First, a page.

Exercise Dragon Mongolian Odyssey was a mountaineering expedition undertaken by 10 members of 42 Engineer Regiment (Geographic) to the Tavan Bogd Mountain Range on the Mongolia, China, Russian border, with the intention of qualifying junior soldiers with various mountain foundation qualifications, knowledge and experience.
The location of the expedition was in the western most point of Mongolia, in the Tavan Bogd National Park, which is considered sacred to local Tuvans and Kazakhs. We went with 3 instructors and 7 novices to one of the remotest places we’ve ever taken a group on adventure training.
It took us nearly 5 days travel from London, via Beijing. We then flew to Ulaanbaatar, the capital of Mongolia, then onto Olgii, a small outpost town on the edge of the nowhere. We spent a day here finalising any kit that we needed and sourcing additional food and fuel for the expedition. We then had a 200km drive to the national park ranger station, followed by a 14km trek to base camp, next to the glacier, before we even started our training.
With access to most of the mountains only accessible across the Potaniin Glacier and the Alexander Glacier, we had to take every responsibility that each individual was trained and confident with various skills that may be required on the glacier if we got ourselves into difficulty. We split the group in two, as it allowed better instruction on a smaller scale, and the instructors spent time teaching the groups how to use various winter mountaineering equipment before setting off across the glacier. During this phase, we learnt a number of skills including:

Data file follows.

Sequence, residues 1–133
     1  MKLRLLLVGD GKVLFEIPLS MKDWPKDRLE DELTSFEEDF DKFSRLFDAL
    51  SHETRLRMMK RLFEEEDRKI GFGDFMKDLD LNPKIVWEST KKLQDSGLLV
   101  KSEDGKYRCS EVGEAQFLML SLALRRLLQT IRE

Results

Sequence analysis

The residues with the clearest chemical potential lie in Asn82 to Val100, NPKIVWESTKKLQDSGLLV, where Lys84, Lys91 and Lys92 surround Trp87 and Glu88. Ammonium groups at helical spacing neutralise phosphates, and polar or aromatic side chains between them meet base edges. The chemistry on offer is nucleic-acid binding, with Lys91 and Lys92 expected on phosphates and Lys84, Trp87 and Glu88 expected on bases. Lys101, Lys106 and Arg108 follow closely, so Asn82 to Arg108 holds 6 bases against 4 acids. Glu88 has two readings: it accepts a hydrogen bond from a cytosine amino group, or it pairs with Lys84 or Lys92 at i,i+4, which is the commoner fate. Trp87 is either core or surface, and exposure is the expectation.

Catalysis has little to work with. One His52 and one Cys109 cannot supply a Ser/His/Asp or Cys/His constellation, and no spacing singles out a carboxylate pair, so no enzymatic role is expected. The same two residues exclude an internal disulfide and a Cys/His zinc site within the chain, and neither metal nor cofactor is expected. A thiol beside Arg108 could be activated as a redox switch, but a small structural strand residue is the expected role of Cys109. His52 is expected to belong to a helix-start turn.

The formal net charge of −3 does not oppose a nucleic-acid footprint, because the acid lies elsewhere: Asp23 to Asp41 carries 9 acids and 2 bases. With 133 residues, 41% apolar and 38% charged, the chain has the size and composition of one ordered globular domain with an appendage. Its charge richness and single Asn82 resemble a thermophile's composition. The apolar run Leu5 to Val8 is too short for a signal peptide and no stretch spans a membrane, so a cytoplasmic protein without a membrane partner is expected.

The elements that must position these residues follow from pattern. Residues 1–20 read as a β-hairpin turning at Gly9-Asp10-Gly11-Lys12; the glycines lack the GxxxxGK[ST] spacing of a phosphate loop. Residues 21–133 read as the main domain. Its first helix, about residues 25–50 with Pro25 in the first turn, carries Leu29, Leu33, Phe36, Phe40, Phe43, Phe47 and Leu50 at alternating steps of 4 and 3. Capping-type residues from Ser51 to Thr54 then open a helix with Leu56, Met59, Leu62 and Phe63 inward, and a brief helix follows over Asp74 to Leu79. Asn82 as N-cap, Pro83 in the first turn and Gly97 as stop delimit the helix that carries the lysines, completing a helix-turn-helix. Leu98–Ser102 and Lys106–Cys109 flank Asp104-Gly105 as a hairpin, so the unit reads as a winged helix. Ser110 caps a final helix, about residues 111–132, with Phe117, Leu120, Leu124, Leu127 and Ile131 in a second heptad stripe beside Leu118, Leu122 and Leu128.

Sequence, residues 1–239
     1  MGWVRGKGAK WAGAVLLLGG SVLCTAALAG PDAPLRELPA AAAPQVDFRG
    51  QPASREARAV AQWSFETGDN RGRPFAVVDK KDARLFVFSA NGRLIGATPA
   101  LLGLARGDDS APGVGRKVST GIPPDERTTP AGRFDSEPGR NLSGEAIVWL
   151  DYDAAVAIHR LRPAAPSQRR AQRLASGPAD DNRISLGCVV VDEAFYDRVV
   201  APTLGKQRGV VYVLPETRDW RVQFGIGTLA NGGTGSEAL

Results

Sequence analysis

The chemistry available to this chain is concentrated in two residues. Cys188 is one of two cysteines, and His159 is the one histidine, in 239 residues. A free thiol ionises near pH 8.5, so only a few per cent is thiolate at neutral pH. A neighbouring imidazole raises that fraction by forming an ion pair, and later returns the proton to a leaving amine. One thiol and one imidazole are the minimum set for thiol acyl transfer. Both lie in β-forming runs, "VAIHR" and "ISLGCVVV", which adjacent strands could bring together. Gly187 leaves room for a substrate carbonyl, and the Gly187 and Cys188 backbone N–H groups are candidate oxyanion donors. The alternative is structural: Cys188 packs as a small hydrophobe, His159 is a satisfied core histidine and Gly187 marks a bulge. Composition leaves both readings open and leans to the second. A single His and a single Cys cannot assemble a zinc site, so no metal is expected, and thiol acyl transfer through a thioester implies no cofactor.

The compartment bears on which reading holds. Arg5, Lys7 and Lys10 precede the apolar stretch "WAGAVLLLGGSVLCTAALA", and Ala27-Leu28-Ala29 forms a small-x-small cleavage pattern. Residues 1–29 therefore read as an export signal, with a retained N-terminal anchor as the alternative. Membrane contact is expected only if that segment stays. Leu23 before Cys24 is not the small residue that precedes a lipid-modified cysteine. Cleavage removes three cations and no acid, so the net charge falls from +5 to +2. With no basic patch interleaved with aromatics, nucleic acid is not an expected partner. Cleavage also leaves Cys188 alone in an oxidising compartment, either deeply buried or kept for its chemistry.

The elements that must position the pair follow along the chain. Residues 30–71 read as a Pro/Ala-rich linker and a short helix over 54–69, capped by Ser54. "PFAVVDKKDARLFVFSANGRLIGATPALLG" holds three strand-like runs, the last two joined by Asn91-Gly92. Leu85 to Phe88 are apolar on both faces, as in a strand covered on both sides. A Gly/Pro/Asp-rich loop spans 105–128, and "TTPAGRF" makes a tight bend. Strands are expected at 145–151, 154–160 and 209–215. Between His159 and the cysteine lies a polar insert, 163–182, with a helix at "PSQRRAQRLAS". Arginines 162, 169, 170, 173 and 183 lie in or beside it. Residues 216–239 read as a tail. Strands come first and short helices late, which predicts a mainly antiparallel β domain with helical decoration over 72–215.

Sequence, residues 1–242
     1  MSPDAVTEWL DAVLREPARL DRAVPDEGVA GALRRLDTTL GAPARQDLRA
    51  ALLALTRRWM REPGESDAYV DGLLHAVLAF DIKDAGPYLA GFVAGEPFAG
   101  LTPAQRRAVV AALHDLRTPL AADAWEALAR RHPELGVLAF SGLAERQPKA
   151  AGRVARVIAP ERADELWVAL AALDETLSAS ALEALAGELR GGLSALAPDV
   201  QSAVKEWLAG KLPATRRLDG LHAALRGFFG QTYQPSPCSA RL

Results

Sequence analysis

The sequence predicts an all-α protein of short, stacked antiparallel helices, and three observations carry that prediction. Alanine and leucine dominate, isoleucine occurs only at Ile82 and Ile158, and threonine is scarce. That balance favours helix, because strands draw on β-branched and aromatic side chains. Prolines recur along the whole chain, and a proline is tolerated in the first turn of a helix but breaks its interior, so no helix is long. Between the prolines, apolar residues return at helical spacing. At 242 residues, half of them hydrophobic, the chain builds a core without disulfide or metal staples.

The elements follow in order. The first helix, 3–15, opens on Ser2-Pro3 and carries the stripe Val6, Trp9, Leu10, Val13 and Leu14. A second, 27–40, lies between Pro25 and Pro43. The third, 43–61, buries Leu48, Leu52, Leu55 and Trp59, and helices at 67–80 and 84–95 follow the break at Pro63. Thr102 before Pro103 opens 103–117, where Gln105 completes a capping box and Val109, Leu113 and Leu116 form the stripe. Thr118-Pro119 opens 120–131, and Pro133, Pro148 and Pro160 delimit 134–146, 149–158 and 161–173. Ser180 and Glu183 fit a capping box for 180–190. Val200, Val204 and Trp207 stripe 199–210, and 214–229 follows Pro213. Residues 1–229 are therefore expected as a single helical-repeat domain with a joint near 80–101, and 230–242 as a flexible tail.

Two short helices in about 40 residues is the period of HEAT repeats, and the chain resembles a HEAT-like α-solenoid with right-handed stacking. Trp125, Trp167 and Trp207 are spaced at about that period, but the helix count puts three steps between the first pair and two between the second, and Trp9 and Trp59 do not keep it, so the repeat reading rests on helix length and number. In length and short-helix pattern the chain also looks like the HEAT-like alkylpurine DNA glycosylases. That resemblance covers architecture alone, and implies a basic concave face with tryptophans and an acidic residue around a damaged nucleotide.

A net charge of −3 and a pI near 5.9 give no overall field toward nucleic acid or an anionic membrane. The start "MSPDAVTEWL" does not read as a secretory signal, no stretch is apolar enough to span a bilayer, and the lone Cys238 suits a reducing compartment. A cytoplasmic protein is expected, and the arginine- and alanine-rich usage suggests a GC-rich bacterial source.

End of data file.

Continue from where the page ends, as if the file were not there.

- how to use crampons and ice axes;
- how to recover ourselves if we fell;
- how to rope up and walk as a group across the glacier – this was a safety measure due to all the crevasses that covered the glacier;
- crevasse rescue drills and climbing up and down ice walls gaining confidence in the equipment that we were using.
We spent any of our spare time at base camp learning new rope skills, how to abseil as individuals and as a group, and also did acclimatisation walks around the local area, traversing one of the ridge lines that ran along the Russian border, always overlooking the glacier.
As a group, we summitted Nairamdal (4180mtrs) and Malchin (4050 metres) some of the highest peaks in the mountain range. We couldn’t attempt Khuiten (4374 metres) due to bad weather and a lot of snowfall when we had to dig out some of the tents when woke up one morning.
During our time on the expedition, we experienced nearly a 50 degree temperature change, ranging from about -20 on the summit with wind chill to nearly 30 degrees in the cities.
Each person in the group learnt new skills and found new confidence in themselves and their abilities as an individual and working as a team, as we were reliant on each other the whole time for safety and support.
Being able to take individuals on exercises like this, challenges even the most experienced ones of us, as it was a completely unkown territory to all of us. However much planning and preparation we took, we were still unsure on what to expect until we actually arrived, but that is part of adventure training, expect the unexpected and be as fully prepared as we could possibly be.